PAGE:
Pixelache, based in Helsinki, is a transdisciplinary platform for experimental art, design, research and activism. Amongst our fields of interest are: experimental interaction and electronics; renewable energy production/use; bioarts and art-science culture; grassroot organising and networks; politics and economics of media/technology; alternative economy cultures; VJ culture and audiovisual performances; media literacy and engaging environmental issues. Pixelversity, its outreach and education programme since 2010, aims to be a ‘learning bridge’ between practitioners, cultural and non-profit organisations, interested individuals and larger institutions, and an outreach programme extending beyond Helsinki. Consideration is given to the relationships between the different activities, and how they may build up accumulative knowledge and skills towards future Pixelache events. The CasePyhäjoki project is part of the Pixelversity 2013 programme’s ‘Techno-ecologies’ theme.
pixelache.ac/pixelversity

Hai Art (Contact person and participating artist Antye Greie-Ripatti, director of Hai Art)
Hai Art is an artist ran international art platform with focus on contemporary art forms such as new media, sound art, environmental, ecological and participatory arts with crossover to science and education to intertwine international and local programs in Hailuoto/ Finland. The main activities of Hai Art include public sound choir KAIKU, international The Wilderness Art Conference, national and international artist residencies as well as courses and workshops for children and youth. Hai Art occupies unused spaces, beaches, a ferry, forests, fields and public spaces etc. in Hailuoto.
www.haiart.net

The Finnish Bioart Society (Contact person Erich Berger)
The Finnish Bioart Society, established May 2008 in Kilpisjärvi, is an organisation supporting, producing and creating activities around art and natural sciences, especially biology. The Finnish Bioart Society is creating public discussions about biosciences, biotechnologies and bioethics. Additionally it is the Finnish contact node in international networks of bioart and art&science.
The Finnish Bioart Society has currently 60 members, representing different art and research fields and other expertise – bioart, theatre, film, music, video, performance art, art&science, fine arts, media art, sculpture, environmental art, design, zoology, botany, ecology, environmental sciences, animal physiology, genetics, philosophy, cultural production, art history, engineering, etc.
www.bioartsociety.fi

Pro Hanhikivi Ry (Contact person Hanna Halmeenpää)
Pro Hanhikivi is a non-governmental organisation found in 2007 at Parhalahti village to preserve Hanhikivi Bay as a nuclear power free nature and amenity area. The organisation has 300 members (autumn 2012). Pro Hanhikivi activists collaborate with the officials both in Finland and in EU, organise Hanhikivi Days festival and other smaller event as well as try to affect in many ways to stop the nuclear power plant plan in Pyhäjoki.
www.prohanhikivi.net

Cultura21 is a transversal, translocal network, constituted of an international level grounded in several Cultura21 organizations around the world.

Cultura21′s international network, launched in April 2007, offers the online and offline platform for exchanges and mutual learning among its members.

The activities of Cultura21 at the international level are coordinated by a team representing the different Cultura21 organizations worldwide, and currently constituted of:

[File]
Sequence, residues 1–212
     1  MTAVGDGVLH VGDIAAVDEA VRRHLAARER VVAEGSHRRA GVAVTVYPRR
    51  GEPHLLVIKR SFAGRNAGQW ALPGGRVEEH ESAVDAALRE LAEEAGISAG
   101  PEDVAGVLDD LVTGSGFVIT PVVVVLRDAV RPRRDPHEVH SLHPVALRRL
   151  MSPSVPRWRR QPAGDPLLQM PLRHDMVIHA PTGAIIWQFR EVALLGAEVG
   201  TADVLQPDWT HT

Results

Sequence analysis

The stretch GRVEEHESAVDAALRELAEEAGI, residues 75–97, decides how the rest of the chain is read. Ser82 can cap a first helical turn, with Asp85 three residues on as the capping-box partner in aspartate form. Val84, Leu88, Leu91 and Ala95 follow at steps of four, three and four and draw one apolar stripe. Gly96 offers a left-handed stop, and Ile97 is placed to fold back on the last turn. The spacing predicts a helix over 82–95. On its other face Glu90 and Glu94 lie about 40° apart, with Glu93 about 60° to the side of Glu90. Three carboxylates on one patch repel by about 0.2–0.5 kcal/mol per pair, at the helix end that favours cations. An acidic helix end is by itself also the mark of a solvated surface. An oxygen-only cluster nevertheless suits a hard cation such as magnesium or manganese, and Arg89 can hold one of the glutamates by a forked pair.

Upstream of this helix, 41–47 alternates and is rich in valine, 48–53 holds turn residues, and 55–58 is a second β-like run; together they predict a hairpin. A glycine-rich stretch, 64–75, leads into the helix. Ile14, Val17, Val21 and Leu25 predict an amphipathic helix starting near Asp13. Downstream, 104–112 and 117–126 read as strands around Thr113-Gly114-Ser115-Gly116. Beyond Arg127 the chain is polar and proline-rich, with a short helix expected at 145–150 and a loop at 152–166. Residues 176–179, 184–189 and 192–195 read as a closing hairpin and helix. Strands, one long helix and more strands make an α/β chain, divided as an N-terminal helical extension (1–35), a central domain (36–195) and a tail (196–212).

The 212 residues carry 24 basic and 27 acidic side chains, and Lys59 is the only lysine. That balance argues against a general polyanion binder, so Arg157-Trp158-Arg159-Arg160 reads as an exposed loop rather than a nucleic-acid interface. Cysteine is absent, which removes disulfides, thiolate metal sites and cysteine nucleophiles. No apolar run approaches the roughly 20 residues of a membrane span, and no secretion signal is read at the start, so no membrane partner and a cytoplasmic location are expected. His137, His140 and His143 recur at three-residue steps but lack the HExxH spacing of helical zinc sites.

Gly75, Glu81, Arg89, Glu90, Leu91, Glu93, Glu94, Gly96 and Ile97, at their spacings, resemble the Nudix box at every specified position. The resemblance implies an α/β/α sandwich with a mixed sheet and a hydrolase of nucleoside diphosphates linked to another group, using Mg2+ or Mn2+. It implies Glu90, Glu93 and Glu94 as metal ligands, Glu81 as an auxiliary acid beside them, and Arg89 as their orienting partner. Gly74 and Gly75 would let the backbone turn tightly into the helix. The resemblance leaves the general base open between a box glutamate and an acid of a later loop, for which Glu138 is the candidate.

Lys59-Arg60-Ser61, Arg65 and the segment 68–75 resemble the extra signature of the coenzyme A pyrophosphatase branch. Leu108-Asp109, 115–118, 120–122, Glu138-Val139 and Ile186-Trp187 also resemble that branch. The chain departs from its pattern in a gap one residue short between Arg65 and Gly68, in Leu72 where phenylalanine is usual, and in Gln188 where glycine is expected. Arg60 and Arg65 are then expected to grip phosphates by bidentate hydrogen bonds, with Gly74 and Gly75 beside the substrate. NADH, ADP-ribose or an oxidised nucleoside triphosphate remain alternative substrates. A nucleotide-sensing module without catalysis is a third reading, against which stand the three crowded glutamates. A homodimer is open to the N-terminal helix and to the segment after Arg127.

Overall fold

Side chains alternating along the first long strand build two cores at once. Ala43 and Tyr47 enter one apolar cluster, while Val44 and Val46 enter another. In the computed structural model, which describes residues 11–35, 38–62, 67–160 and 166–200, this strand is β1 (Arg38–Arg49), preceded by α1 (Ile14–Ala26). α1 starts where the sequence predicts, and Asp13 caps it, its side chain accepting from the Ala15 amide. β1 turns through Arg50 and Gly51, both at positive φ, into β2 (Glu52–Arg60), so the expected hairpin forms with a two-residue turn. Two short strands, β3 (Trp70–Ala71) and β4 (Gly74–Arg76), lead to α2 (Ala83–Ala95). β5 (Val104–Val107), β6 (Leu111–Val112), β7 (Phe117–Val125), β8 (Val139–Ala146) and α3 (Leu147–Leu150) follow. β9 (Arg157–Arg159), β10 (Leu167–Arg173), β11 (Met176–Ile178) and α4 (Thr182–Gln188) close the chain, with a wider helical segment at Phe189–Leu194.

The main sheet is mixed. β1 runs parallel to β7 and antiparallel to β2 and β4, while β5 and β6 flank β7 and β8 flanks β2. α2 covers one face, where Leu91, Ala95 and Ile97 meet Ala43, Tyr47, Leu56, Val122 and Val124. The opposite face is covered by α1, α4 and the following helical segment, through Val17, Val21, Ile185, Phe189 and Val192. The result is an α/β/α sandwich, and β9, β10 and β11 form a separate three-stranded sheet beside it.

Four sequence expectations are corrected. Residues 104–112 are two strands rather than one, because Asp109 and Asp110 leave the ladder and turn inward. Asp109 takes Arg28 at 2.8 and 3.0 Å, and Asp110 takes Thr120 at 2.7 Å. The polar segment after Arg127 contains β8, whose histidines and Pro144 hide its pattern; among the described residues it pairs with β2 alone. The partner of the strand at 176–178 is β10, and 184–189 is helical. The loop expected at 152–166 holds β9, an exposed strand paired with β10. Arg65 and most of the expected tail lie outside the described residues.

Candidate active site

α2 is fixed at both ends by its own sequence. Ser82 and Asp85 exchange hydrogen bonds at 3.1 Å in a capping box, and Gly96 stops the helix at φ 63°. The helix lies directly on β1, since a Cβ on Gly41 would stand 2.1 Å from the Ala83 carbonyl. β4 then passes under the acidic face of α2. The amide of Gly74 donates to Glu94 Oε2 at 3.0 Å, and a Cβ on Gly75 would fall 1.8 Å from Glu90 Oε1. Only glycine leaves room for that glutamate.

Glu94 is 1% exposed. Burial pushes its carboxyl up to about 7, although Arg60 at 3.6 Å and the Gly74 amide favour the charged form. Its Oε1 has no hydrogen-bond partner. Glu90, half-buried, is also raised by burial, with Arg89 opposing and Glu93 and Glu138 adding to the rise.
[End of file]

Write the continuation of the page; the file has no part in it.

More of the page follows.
– Sacha Kagan (based in Lüneburg, Germany) and Rana Öztürk (based in Berlin, Germany)
– Oleg Koefoed and Kajsa Paludan (both based in Copenhagen, Denmark)
– Hans Dieleman (based in Mexico-City, Mexico)
– Francesca Cozzolino and David Knaute (both based in Paris, France)

Cultura21 is not only an informal network. Its strength and vitality relies upon the activities of several organizations around the world which are sharing the vision and mission of Cultura21

Go to Cultura21

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Green Choreographers-in-Residence

ecocityIn December, Dance Exchange hosted Amara Tabor-Smith, our first Green Choreographer-in-Residence. Amara and her collaborator Sherwood Chen spent a week with Dance Exchange artists exploring sustainable food practices and food justice. Amara’s residency, which took place in our studios, as well as at sites like Eco City Farms in Edmonston, MD, culminated in a Thursday night HOME event featuring a potluck dinner and reflections on food and family. Visit Dance Exchange’s Facebook page to view more pictures from the residency.

Jill Sigman, of New York City, is our second Green Choreographer-in-Residence and will be in residence from January 28-February 1, 2013. Sigman will explore principles of permaculture and engage in hands-on work with small living systems, and this research will inform the development of movement scores and improvisational systems for use in her work The Hut Project, a series of site-specific structures built from trash. Sigman will share her methods and research in her HOME event on Thursday, January 30th from 7:00-9:00pm, and teach FRIDAY CLASS on Friday, February 1st from 9:30-11:15am.

SurVivArt – Art for the Right to a Good Life

This post comes to you from Cultura21

Berlin

7th to 24th of February 2012

From the 7th to the 24th of February the exhibition SurVivArt – Art For the Right to a «Good Life» takes place at the galleries Mikael Andersen and Meinblau in Berlin.

International artists from Ethiopia, Cambodia, Myanmar, Nigeria, Thailand and the Czech Republic were invited to do a reflection on the meaning of the right to a «Good Life».  From these reflections arose various works of art and related communications on what the “good life“ means to them and people around them. Often the project started off the communication between artists and local communities about sustainable practices in their home country. The artworks touch upon many aspects of our everyday life: Habitation, food, clothes as well as consumption. The works will be shown at the exhibition, which opens at the 5th of February.